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2006 Toyota Matrix REVIEW

Edmunds.com logo Edmunds.com 4/6/2017

Con: Modest torque output, less fun to drive than its styling suggests.

The Toyota Matrix comes with a 1.8-liter, four-cylinder engine. Buyers of the base and XR are offered a choice of either front-wheel drive or full-time all-wheel drive. With front-wheel drive, the engine makes 126 horsepower and 122 lb-ft of torque. All-wheel-drive models make less power (118 hp) due to different exhaust routing. A four-speed automatic is the only transmission available with AWD, while front-drive cars can also be ordered with a five-speed manual. The front-drive XRS is the sportiest trim. It comes standard with a 164-hp version of the 1.8-liter engine, four-wheel disc brakes and a six-speed manual transmission; no automatic is available.

Interior: For cargo, the Toyota Matrix is very similar to a compact SUV. The tailgate opens upward, and the rear glass can be raised independently. The main cargo area and rear seatbacks are unapologetically coated in hard plastic, the idea being that it's a lot easier to clean dirt and mud off one long expanse of plastic than out of matted carpet. A special cargo-floor track features eight adjustable tie-down hooks. Underneath the floor is a hidden storage compartment. The 60/40-split rear seats can be folded flat, thereby expanding cargo room to 53.2 cubic feet. The front-passenger seat also folds forward, allowing items more than 8 feet long to be carried with the tailgate closed.

Body: The Toyota Matrix is available in three trim levels: base, XR and XRS. Base-level cars have the necessities such as air conditioning and a CD player, but most of the worthwhile features are optional. Go with the XR or XRS to get standard power locks and windows, keyless entry and a rear wiper. Other options include 16- or 17-inch aluminum alloy wheels, an all-weather package, a DVD-based navigation system, a power moonroof and two different premium sound systems.

Safety: Antilock brakes are standard on the Matrix XRS and all-wheel-drive models, and optional on front-drive base and XR models. Seat-mounted side airbags for front occupants and full-length side curtain airbags are optional across the line. Stability control is another worthwhile option. In NHTSA crash testing, the Toyota Matrix earned five stars (the best score possible) for driver protection in frontal impacts and four stars for the front passenger. For side impacts, it received three stars for front-passenger protection and four stars for rear-passenger protection.

Pro: Versatile cargo area, roomy rear seats, good gas mileage, generous standard equipment list, availability of all-wheel drive and stability control.

Driving: Despite Toyota's claims, the Matrix isn't particularly sporty. With the base and XR cars, acceleration is only average. AWD-equipped cars come off as particularly taxed because of their extra weight and obligatory automatic transmissions. Even the Matrix XRS with its 164-hp engine isn't particularly rewarding as most of its power is made in the high reaches of the rev range. Handling, too, is modest. The Matrix's ride quality, however, is smooth and comfortable.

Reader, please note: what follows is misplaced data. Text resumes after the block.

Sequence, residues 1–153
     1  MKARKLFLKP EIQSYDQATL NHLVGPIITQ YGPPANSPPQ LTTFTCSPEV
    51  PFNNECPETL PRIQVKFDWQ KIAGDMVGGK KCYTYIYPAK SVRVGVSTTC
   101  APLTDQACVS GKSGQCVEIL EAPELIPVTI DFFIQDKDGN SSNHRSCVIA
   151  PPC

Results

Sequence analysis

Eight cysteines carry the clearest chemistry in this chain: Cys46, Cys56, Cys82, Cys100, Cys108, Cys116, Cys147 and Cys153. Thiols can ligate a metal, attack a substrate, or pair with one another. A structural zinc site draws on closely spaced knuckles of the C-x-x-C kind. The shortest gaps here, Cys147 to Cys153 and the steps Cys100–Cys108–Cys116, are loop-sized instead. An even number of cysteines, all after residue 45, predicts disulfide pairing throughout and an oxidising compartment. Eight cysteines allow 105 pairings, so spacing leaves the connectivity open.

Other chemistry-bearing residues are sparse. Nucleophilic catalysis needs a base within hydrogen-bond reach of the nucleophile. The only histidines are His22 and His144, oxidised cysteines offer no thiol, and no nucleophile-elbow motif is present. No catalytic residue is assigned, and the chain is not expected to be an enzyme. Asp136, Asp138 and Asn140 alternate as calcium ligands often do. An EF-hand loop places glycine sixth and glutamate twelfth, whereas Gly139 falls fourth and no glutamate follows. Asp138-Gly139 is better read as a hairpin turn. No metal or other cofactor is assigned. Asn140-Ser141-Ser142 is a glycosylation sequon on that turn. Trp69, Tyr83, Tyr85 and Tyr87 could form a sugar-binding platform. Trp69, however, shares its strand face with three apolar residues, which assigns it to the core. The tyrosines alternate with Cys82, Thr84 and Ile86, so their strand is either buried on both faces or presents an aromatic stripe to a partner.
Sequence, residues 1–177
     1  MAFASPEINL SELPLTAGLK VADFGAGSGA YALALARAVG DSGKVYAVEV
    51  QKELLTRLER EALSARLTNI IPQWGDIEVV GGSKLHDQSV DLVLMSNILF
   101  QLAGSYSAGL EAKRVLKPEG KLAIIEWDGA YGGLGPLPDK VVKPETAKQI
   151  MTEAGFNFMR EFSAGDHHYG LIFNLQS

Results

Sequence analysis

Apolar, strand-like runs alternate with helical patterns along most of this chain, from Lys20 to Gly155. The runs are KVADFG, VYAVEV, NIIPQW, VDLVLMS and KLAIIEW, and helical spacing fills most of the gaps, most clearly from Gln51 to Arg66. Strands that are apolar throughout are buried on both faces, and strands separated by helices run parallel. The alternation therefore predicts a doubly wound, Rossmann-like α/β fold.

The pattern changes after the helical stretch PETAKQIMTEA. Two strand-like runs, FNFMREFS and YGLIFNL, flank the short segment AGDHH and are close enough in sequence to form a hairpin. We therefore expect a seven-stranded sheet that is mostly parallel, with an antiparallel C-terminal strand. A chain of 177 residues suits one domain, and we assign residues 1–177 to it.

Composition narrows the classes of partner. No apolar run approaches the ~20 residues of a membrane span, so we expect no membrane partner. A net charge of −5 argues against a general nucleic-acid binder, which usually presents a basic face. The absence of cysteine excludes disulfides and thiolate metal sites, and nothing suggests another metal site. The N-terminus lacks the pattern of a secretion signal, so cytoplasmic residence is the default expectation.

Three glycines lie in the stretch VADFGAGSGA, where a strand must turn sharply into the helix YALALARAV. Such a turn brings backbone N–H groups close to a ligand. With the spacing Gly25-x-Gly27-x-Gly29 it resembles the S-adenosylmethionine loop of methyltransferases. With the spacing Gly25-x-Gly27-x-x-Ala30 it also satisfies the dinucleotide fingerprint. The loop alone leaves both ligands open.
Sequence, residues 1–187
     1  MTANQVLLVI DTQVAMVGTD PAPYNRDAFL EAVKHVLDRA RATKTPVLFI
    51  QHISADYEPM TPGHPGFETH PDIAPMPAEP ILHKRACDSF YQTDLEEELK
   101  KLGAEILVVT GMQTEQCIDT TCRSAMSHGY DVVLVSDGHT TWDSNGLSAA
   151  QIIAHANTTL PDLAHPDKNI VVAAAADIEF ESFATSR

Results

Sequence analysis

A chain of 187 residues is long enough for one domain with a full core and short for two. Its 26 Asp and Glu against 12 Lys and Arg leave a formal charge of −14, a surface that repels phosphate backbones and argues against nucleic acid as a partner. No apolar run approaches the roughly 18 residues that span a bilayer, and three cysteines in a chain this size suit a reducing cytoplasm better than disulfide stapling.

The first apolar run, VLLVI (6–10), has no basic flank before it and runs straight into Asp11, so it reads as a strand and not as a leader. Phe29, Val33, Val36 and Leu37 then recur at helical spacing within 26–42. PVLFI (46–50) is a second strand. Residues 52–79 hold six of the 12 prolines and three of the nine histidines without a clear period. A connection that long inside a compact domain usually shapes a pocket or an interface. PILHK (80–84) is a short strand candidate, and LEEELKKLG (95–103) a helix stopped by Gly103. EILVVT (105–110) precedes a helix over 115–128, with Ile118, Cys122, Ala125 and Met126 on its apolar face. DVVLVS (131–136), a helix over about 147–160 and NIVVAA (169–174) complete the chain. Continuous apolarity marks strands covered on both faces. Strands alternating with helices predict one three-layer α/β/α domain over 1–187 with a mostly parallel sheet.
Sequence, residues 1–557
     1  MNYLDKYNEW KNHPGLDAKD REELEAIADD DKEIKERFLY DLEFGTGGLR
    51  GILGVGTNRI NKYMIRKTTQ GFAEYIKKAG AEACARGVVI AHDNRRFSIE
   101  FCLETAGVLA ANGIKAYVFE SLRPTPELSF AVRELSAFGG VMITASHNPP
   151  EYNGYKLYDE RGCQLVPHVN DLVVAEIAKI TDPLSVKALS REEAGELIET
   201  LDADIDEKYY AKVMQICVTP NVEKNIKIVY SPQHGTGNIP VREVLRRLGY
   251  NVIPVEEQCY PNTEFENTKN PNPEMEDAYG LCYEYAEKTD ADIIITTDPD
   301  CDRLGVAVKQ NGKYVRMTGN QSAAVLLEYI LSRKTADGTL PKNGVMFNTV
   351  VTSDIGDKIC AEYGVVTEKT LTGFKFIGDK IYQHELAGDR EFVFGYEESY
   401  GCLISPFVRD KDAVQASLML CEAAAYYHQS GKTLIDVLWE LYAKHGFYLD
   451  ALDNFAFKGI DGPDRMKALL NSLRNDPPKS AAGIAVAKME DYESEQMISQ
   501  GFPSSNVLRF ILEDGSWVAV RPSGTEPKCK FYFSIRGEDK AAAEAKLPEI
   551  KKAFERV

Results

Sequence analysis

Edmunds Say: Versatile and affordable, the 2006 Toyota Matrix is one of the best compact wagons for hauling people and cargo in its price class.

What’s New: There are no major changes to this year's Toyota wagon, although new SAE testing procedures have resulted in lower horsepower ratings.

Introduction: The Toyota Matrix is based on the Corolla platform. The goal of the car is to offer the interior functionality and flexibility usually associated with larger vehicles but in a compact package. It's part of a growing list of sporty and affordable five-door hatchbacks/wagons. Unlike previous Toyota wagon variants, the Matrix stands tall -- 5 inches taller than the Corolla -- and this gives the cabin a spacious feel, not unlike the PT Cruiser. This also allows it to accommodate adults comfortably in the backseat. On the outside, the Toyota Matrix has a more angular front fascia, including its own grille, headlights and taillights. And while the Corolla has a traditional, smooth-bodied profile, the Matrix benefits from an artisan's chisel, as a gentle valley breaks up the tall body side with an S-shaped character line flowing below it.

In lieu of a wagonizing cargo box, designers gave the Matrix an abridged rear, such that it is essentially a hatchback and isn't likely to turn away younger buyers. The Toyota Matrix is more practical than most of its larger-capacity peers. Its backseat offers enough room for adults to get comfortable, while its durable plastic cargo floor offers adjustable tie-down points for securing all manner of bulky and/or messy cargo. What's more, both the rear seats and the front-passenger seat fold perfectly flat to allow owners to transport items up to 8 feet in length. We're convinced that the 2006 Toyota Matrix would be a satisfying choice for many people -- it rides comfortably; it handles capably enough; it has plenty of room in the backseat for your friends (or your kids); and it provides a lot of flexibility for those whose interests require a lot of equipment. The Matrix is about getting your friends and cargo to your destination with minimal hassle, discomfort and expense along the way and perhaps enjoying a tailgate party once you get there.

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